The Bye Bye Man
The Bye Bye Man is the kind of film that is so boring and bereft of anything of possible interest that it becomes infuriating.
I've been thinking about Whoopi Goldberg's appeal, which is real but elusive, I think it has something to do with a directness of style. There are no false highs and lows in her performances, no flourishes for effect. She seems to respond directly to the situation at hand. This quality provides a leveling effect for "Made in America," a movie that could have been all over the map emotionally, but turns out to be surprisingly effective.
In the movie, Goldberg plays Sarah Mathews, who runs an African-American bookstore in Oakland, and is raising Zora, a daughter of college age (Nia Long). Goldberg's husband died many years ago, and Zora has always assumed he was her father. Then she discovers by accident that she was the product of artificial insemination. And in a raid on a sperm bank computer, she discovers that her biological father is a white man. And, to her horror, he's one of the biggest jerks in town, Hal Jackson, the cornpone car dealer who makes a fool of himself in his TV ads.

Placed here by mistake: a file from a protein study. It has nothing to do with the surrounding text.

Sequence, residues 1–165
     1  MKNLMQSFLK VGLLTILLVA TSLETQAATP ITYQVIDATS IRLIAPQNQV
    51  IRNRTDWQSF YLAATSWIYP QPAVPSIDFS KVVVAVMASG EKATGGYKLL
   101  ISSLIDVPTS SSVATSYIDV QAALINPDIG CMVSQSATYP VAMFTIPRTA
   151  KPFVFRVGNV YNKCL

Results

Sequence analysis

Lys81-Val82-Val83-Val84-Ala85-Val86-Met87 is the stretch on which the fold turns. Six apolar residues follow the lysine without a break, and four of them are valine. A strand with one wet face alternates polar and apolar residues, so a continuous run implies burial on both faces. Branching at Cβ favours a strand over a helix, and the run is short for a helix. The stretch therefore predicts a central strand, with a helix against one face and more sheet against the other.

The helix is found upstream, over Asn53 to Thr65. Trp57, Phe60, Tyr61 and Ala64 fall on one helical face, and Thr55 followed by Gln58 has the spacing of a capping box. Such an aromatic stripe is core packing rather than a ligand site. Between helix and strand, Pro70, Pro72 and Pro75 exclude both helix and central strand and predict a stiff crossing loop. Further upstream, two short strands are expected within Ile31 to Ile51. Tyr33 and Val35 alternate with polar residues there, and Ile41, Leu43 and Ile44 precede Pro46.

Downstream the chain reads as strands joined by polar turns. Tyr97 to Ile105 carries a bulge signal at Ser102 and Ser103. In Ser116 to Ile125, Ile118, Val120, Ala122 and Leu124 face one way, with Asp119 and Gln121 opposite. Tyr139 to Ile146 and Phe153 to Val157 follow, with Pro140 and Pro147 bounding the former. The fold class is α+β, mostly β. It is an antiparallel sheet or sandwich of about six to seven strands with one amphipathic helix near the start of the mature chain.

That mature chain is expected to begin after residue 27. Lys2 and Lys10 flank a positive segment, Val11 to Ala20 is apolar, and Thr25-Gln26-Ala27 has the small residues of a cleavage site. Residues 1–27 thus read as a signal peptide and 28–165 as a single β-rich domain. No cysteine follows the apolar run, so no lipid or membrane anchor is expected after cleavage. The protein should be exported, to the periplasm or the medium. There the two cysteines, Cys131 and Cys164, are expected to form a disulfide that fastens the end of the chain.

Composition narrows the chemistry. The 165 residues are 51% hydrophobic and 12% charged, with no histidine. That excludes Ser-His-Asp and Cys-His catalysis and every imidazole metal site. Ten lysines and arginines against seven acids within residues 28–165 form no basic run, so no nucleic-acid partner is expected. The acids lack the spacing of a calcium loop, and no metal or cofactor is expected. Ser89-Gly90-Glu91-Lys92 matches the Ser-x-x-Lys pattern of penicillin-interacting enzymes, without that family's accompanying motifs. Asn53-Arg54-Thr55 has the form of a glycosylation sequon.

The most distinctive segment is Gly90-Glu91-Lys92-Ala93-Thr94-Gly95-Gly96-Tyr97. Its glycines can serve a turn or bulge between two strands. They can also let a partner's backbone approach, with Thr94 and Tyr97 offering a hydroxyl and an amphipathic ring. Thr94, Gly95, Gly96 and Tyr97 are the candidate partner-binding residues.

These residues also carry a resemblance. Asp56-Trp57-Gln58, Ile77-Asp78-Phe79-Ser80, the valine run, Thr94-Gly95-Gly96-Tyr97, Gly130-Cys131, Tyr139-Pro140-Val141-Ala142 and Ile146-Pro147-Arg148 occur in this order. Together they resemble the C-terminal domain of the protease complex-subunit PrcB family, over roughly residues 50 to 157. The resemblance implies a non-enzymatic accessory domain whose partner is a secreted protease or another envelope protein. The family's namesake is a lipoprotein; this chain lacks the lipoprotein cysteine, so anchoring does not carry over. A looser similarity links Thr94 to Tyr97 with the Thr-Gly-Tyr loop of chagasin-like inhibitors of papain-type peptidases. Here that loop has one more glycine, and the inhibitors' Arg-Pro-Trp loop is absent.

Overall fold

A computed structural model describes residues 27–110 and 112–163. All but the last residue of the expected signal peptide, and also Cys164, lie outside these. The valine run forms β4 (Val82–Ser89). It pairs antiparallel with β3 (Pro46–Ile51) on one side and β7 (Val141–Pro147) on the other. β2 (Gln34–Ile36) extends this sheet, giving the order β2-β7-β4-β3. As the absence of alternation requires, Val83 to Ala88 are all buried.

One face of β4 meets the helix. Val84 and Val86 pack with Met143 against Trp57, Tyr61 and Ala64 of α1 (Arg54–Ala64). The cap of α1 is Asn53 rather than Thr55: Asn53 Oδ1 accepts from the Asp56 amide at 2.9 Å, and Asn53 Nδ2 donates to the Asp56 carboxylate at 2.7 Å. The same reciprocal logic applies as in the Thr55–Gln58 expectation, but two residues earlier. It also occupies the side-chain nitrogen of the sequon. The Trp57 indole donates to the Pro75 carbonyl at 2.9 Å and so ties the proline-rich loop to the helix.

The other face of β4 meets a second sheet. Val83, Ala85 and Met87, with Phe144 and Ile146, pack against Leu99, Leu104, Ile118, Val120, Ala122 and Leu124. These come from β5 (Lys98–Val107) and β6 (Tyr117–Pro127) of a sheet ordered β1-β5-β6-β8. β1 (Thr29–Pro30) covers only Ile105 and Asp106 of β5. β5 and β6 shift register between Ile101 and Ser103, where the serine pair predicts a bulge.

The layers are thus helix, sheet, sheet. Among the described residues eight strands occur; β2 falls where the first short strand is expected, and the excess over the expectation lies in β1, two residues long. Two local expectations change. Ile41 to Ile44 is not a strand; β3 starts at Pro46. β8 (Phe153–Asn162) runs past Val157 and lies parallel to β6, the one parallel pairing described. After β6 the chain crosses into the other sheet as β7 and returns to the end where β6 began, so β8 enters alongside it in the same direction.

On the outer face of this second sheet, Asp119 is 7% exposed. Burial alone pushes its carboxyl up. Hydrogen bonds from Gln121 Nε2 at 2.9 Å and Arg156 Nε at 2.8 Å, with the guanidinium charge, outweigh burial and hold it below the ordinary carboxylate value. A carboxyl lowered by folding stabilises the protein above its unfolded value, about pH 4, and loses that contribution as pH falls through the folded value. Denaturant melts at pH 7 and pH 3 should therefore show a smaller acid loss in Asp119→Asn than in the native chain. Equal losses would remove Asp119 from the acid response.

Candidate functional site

Zora is devastated. So is Sarah, who specified to the sperm bank that the father be black. So, when he finds out, is Hal Jackson (Ted Danson), a committed bachelor with no in terest in planning, starting, or retrospectively discovering a family.
The movie's setup is not subtle. Character touches are added with a trowel. What purpose is served, for example, by showing that the Goldberg character rides her bicycle through traffic without the slightest caution, cutting in front of cars and trucks as if they were not there? Of course that sets up her accident, which sends her to the hospital and leads to further important plot developments, but it's so goofy - such an obviously phony gimmick - that the writers should have found another way to get her to the hospital.